When Love Comes Knocking

September 20, 2017

 

Cranes in the sky is a powerful song which Solange explains; captures feelings of self-doubt, self-pity and a sense of emptiness that most people experience at different stages of their lives. We are taken on a journey of all the things one might do to get rid of these feelings. Things we cut out, habits we start to adopt, all in an attempt to distract ourselves from our pain, but still it lingers on.

 

“I tried to let go my lover/thought if I was alone then maybe I could recover”

 

This line from the song sticks out to me because perhaps one of the things we all reach to when we enter a space of healing is to reject love and distance ourselves from relationships. We make ourselves believe that we need to be alone, that healing will only fall into place if we immerse ourselves in deep solitude. Yes, a lot of the work we do happens in isolation, when we take the time to journey through our pain and discover who we our outside of our relationships (many of which we come to learn encourage destructive behaviors and negative feelings about ourselves); but we should not forget that only through love can we heal. This should not solely be restricted to the love we need to nurture ourselves with, but can come from others too.

 

Sometimes we forget that healing is a journey, one that will look different depending on how far you are. Embracing love, giving yourself to someone and exploring a connection are definitely things that can fit into your healing journey and should not be reserved for a time when you ‘have fixed yourself’ or are ‘perfectly healed’.

 

So, why do we reject love when we need to heal or enter into a space where we can work on ourselves?

 

 

When we are at a low point of our lives, dealing with mental/physical illness or in need of recovery and rehabilitation we often have negative and destruction beliefs about ourselves. We see ourselves as ‘broken’ or may be overwhelmed by our insecurities and ‘messy bits’ that we now have to deal with. This leads us to believe that we are not worthy of love. It's easy to push someone away and say that you need space to work on yourself. What is hard is to admit is that all that you are dealing with has put you in a position where you are finding it difficult to accept and embrace love because you don't think you are worthy or because you are feeling insecure about opening up and letting someone else into your mess. Do not be ashamed of your pain or your burdens. You need to accept all that needs healing in you so that feelings of shame do not stop you from exploring love. You weren't created to be perfect, and someone willing to love you will accept you for all that you are wherever you are on your journey.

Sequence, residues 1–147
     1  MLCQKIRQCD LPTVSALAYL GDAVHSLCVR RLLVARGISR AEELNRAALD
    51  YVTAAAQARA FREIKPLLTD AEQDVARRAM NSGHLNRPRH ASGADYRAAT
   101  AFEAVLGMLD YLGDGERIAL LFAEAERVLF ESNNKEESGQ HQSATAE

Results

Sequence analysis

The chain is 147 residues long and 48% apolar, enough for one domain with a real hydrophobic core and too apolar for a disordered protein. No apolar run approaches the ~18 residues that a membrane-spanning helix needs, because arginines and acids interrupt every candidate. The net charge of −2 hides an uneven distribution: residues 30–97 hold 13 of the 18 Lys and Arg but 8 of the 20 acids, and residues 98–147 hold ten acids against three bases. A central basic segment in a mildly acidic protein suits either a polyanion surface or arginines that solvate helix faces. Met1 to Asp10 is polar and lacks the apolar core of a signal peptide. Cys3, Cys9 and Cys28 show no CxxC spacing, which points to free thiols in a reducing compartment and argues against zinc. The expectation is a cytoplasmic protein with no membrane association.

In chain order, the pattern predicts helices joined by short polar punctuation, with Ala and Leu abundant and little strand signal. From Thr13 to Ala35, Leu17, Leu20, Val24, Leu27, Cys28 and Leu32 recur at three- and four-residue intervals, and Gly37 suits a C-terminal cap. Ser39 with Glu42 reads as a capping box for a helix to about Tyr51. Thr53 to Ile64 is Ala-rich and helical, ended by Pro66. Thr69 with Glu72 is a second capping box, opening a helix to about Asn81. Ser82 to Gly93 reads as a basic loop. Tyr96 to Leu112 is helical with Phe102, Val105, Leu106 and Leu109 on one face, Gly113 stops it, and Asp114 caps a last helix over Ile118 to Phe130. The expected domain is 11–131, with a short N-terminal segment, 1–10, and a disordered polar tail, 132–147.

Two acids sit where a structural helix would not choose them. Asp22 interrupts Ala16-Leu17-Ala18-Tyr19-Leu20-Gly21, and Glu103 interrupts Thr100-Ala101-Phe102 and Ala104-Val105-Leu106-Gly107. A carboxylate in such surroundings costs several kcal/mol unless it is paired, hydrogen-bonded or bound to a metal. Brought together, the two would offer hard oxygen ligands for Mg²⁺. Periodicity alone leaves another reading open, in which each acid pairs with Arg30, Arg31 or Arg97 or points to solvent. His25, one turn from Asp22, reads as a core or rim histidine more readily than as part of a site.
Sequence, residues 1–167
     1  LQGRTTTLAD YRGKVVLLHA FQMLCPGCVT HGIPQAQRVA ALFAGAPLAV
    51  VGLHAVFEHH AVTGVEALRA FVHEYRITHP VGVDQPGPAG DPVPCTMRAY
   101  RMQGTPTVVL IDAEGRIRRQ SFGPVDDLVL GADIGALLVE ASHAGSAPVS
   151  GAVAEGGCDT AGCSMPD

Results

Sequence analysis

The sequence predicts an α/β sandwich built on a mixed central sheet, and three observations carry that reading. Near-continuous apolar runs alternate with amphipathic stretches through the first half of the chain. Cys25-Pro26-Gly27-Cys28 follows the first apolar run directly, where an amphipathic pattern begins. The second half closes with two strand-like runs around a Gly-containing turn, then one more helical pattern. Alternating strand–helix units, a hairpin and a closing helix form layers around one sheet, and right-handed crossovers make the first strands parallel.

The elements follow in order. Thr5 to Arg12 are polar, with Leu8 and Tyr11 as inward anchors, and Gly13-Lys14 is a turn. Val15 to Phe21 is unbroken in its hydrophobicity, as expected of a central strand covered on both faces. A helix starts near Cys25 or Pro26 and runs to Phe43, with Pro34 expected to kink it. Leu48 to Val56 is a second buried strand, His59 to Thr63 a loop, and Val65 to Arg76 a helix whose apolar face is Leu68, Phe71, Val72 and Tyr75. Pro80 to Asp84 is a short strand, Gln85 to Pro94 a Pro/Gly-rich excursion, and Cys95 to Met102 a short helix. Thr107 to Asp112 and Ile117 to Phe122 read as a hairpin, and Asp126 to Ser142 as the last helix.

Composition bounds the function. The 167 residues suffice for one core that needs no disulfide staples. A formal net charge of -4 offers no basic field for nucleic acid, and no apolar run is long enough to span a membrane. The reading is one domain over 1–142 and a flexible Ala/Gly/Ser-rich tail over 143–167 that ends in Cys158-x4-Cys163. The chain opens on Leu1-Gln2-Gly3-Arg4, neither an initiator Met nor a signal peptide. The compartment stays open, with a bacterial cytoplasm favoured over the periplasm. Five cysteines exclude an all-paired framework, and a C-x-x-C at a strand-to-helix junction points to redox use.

Another thing that makes love difficult to embrace when you are healing is the fact that love acts as a mirror. Because healing itself overwhelms you with trauma, pain, insecurities and all that needs to be confronted; being in a relationship and learning more about the good and bad in you through another person may be overwhelming. When you give yourself to someone you give not only the clean and pretty bits, but the rusted, old and broken bits too. The way they respond to the parts of you that aren't perfect sheds a new light on these areas. Having to face the truth of who we are, what we believe, and what we feel and experience scares us, often adding fuel to the fire of all that we were already doing in order to heal, and so we run away. Again, running away is easy, staying, working through things and facing the things you might have missed when you first embarked on your healing journey is difficult. We need to be able to harness our strength so that we can heal not only in the confines of our room, but in the arms of another too.